What are non-melanoma skin cancers?

There are two main types: basal cell carcinoma and squamous cell carcinoma. A third group of lesions called keratinocyte dysplasias includes solar keratosis, Bowenoid keratosis and squamous cell carcinoma in-situ (Bowen’s disease). These are not invasive cancers, however may require treatment as some may develop into non-melanoma skin cancers.

Basal cell carcinoma (BCC)

BCC accounts for about 70% of non-melanoma skin cancers. It begins in the lower layer of the epidermis (top, outer layer of the skin). It can appear anywhere on the body but most commonly develops on parts of the body that receive high or intermittent sun exposure (head, face, neck, shoulders and back). 

Basal cell carcinoma symptoms

BCC often has no symptoms and tends to grow slowly without spreading to other parts of the body.

Symptoms of BCC may include:

  • a pearly lump
  • a scaly, dry area that is shiny and pale or bright pink in colour.

Squamous cell carcinoma (SCC)

SCC accounts for about 30% of non-melanoma skin cancers. It begins in the upper layer of the epidermis and usually appears where the skin has had most exposure to the sun (head, neck, hands, forearms and lower legs). SCC generally grows quickly over weeks or months.

Squamous cell carcinoma symptoms 

Symptoms of SCC may include:

  • thickened red, scaly spot
  • rapidly growing lump
  • looks like a sore that has not healed
  • may be tender to touch.

Causes of non-melanoma skin cancers

Skin cancer occurs when skin cells are damaged, for example, by overexposure to ultraviolet (UV) radiation from the sun. Between 95% and 99% of skin cancers in Australia are caused by exposure to the sun. The risk of skin cancer is increased for people who have:

  • increased numbers of unusual moles (dysplastic naevi)
  • fair skin, a tendency to burn rather than tan, freckles, light eye colour, light or red hair colour
  • had a previous skin cancer.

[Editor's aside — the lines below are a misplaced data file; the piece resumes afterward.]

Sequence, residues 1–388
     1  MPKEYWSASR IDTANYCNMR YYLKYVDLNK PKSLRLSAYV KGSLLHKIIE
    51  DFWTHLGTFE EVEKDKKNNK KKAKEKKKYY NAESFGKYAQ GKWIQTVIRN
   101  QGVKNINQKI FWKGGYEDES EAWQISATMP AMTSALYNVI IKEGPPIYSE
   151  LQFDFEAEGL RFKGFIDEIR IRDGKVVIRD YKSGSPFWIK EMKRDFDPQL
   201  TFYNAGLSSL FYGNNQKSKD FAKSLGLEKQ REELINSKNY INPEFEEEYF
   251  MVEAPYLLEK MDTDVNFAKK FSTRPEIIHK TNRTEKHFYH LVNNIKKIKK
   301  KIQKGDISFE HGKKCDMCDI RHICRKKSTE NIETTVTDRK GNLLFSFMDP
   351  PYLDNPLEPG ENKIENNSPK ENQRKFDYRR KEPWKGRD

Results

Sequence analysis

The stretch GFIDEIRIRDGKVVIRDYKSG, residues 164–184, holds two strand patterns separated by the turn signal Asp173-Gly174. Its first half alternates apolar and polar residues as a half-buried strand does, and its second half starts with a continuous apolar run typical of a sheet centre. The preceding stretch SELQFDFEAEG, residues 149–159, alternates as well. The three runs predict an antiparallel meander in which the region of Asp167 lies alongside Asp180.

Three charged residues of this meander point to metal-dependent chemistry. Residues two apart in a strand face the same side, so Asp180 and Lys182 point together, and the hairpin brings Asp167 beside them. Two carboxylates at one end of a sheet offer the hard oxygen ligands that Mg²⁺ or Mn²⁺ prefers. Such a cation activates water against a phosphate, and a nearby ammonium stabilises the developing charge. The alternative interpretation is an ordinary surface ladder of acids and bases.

Screening for non-melanoma skin cancers

There is no organised screening program for non-melanoma skin cancers. People should be aware of their skin and see a doctor if there are any significant changes, such as changes to moles, freckles and spots on the skin.

Diagnosis for non-melanoma skin cancers

If you notice any significant changes to your skin, your doctor will examine you. Diagnosis is by biopsy (removal of a small sample of tissue for examination under a microscope). 

Treatment for non-melanoma skin cancers

The type of treatment depends on the type and size of the cancer and where it is located.         


Usually a biopsy is sufficient to determine the stage of a non-melanoma skin cancer.  In cases of squamous cell carcinoma, lymph nodes may be examined to see if the cancer has spread. The staging system used is the TNM system, which describes the stage of the cancer from stage I to stage IV.


Sometimes, all the cancer is removed with the biopsy and in this case it will be the only treatment received.


This is the most common treatment. Non-melanoma skin cancers are almost always removed (usually under a local anaesthetic). In more advanced skin cancers, some of the surrounding tissue may also be removed to make sure that all of the cancerous cells have been taken.


Most non-melanoma cancer can be treated with chemotherapy that is applied to the skin as an ointment or cream. This type of treatment is for skin cancers that affect the top layer of skin.  


Radiotherapy is generally used to treat skin cancers in areas near the eyes or on the nose or forehead, which are difficult to treat with surgery. This treatment uses x-rays to kill cancer cells.

Other treatments

Non-melanoma cancer can also be removed by cryotherapy (using liquid nitrogen to rapidly freeze the cancer off), curettage (scraping) or cautery (burning).

Prognosis for non-melanoma skin cancers

An individual's prognosis depends on the type and stage of cancer, as well as their age and general health at the time of diagnosis. The majority of basal cell carcinoma cancers are successfully treated.

Preventing non-melanoma skin cancers  

Avoid sunburn by minimising sun exposure especially in the middle of the day when UV levels are most intense. Seek shade, wear a hat that covers the head, neck and ears, wear sun protective clothing and close-fitting sunglasses, and wear an SPF30+ sunscreen. Avoid using solariums (tanning salons).